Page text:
Related: Journalists, Artists Tell Stories with Nonfiction Graphic Novels | From radio reporter to graphic novelist, how Brooke Gladstone became a character in ‘The Influencing Machine’ | California Watch tells difficult story with video, tweets (and text)

    Read more
  • How the AP busted Nazi suspects receiving Social Security payments

    After three years of on-again-off-again investigation, David Rising finally sighted his quarry this summer. He was a small man, bespectacled and balding, peering over a second-story window ledge to survey his surroundings.

    Rising, a Berlin correspondent for The Associated Press, had traveled a long way to see this man — all the way to Osijek, a mid-size city in Croatia nestled along the banks of the Drava River. The man, Jakob Denzinger, was one of the last living subjects of a story the AP had been chipping away at for years, a story about a decades-old policy that connected American taxpayers to individuals suspected of Nazi war crimes.

    On Oct. 19, the AP moved that story, a 4,320-word investigation into a loophole that allowed Nazi suspects, including Denzinger, to receive monthly payments from the United States Social Security Administration.

    The tale behind the investigation — a ponderous project that required three reporters spread out over two continents — gives a look at how the AP is leveraging its year-old international investigative team and its global network of correspondents to bring ambitious stories to term.

    The story that would eventually lead to Denzinger began in 2011. That year, AP investigative researcher Randy Herschaft was digging through declassified documents at the National Archives in College Park, Maryland.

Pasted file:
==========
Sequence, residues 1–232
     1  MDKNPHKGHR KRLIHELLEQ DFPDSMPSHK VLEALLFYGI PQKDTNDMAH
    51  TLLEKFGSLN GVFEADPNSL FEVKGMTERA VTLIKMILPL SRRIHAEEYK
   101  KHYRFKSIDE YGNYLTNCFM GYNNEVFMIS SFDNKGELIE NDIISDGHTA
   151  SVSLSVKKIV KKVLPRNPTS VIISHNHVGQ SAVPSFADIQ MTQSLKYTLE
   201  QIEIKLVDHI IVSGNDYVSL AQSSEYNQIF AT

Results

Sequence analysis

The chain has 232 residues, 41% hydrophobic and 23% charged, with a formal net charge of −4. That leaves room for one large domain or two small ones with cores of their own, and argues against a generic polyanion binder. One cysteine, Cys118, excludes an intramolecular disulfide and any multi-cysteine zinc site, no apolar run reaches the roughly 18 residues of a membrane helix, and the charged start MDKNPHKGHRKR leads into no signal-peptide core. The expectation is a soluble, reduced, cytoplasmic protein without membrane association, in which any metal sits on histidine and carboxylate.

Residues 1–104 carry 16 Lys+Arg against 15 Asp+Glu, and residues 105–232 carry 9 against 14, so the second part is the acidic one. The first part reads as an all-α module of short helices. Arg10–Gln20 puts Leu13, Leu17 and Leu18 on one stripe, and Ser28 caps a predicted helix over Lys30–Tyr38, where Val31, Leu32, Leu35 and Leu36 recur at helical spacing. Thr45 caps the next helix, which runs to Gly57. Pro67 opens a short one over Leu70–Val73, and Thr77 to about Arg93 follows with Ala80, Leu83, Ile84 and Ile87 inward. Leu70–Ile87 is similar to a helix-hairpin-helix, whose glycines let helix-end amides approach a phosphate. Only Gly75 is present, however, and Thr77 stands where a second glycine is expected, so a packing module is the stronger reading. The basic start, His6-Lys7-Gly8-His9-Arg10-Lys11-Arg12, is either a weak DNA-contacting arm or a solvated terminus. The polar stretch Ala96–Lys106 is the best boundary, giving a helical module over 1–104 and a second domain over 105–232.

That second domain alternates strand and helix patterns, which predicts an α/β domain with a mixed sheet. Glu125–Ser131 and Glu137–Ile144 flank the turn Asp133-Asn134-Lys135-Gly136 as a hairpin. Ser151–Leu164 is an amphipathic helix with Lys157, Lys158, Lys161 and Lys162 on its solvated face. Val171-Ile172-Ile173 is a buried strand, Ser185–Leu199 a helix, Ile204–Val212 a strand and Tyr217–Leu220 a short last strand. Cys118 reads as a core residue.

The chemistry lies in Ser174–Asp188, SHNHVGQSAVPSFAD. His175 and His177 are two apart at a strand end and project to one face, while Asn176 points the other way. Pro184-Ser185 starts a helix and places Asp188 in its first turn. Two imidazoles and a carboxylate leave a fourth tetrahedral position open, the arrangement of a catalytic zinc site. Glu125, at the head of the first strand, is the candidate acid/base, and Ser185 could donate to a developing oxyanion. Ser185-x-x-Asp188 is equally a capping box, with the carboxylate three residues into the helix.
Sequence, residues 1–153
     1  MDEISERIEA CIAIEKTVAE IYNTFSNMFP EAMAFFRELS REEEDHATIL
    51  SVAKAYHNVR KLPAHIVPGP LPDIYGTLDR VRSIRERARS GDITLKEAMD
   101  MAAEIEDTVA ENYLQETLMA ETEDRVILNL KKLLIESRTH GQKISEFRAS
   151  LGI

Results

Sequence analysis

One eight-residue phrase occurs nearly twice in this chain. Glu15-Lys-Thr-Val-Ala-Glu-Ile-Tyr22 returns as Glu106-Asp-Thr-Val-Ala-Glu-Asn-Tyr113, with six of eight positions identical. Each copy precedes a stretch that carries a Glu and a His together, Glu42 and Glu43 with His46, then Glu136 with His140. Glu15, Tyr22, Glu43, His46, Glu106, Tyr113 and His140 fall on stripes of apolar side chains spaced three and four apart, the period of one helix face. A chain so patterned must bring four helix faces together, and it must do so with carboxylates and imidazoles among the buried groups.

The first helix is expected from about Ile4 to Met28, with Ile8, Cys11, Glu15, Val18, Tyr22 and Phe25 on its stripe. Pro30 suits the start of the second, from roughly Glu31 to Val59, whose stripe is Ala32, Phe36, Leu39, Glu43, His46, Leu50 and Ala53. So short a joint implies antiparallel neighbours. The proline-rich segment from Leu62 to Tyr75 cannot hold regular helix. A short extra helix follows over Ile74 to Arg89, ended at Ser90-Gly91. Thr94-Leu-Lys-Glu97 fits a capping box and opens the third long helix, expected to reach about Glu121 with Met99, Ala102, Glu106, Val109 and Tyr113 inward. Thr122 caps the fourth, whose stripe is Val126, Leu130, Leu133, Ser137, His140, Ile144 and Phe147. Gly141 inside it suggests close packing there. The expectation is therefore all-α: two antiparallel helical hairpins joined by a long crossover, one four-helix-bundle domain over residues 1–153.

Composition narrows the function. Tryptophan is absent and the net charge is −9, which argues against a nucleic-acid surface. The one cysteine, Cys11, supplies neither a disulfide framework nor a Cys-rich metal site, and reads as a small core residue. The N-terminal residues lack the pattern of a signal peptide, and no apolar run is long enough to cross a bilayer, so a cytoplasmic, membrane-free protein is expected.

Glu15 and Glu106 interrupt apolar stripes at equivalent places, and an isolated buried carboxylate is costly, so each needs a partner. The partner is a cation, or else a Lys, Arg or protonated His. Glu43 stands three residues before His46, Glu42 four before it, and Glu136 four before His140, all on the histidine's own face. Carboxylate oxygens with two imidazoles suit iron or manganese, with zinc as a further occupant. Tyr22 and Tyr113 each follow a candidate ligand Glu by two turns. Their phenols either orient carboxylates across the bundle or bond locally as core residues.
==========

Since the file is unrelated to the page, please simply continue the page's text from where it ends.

Herschaft was trawling for information on Nazi suspects, specifically evidence related to a man on trial for committing crimes while allegedly working at a concentration camp in occupied Poland during World War II.

    But during his search, he ran across a State Department report from 1984 analyzing the practice of “Nazi dumping,” a policy by which Justice Department officials used Social Security payments as leverage to persuade suspected Nazis to leave the United States.

    When Rising discussed the report on the phone with Herschaft from Berlin, they both knew the implications were huge. If living Nazi suspects were still receiving these benefits, this decades-old report could be the beginnings of a high-impact story.

    “I think maybe ‘holy shit’ was the reaction,” Rising said.

    Although the two journalists had a big story on their hands, deadline pressure and daily assignments slowed the investigation. Rising had to juggle reporting and writing with leading the news cooperative’s text operations in Germany. Another obstacle intruded: the Social Security Administration changed the scope of a FOIA request seeking documents that might reveal the extent of the program.

    In the meantime, Herschaft and Rising shared bylines on three other investigations into Nazi activity — two about a former Nazi commander, then living in Minnesota, who they discovered ordered a massacre on a Polish town. They also finished the story they were working on when Herschaft discovered the State Department report on Nazi dumping, an article that showed the FBI had concluded evidence used to prosecute a suspected Nazi was probably fabricated.

    By February of this year, the two reporters had made significant progress on the story, but they were still missing key pieces of evidence. Rising and Herschaft hadn’t confirmed specific cases where suspected Nazis received Social Security benefits after leaving the United States. And they hadn’t yet documented whether the program was still ongoing.